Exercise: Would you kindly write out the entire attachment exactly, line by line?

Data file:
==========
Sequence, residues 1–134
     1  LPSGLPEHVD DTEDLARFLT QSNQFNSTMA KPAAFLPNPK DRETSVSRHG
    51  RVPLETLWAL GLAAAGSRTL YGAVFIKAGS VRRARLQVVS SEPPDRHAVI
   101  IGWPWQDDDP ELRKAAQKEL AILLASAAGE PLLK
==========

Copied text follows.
Sequence, residues 1–134
     1  LPSGLPEHVD DTEDLARFLT QSNQFNSTMA KPAAFLPNPK DRETSVSRHG
    51  RVPLETLWAL GLAAAGSRTL YGAVFIKAGS VRRARLQVVS SEPPDRHAVI
   101  IGWPWQDDDP ELRKAAQKEL AILLASAAGE PLLK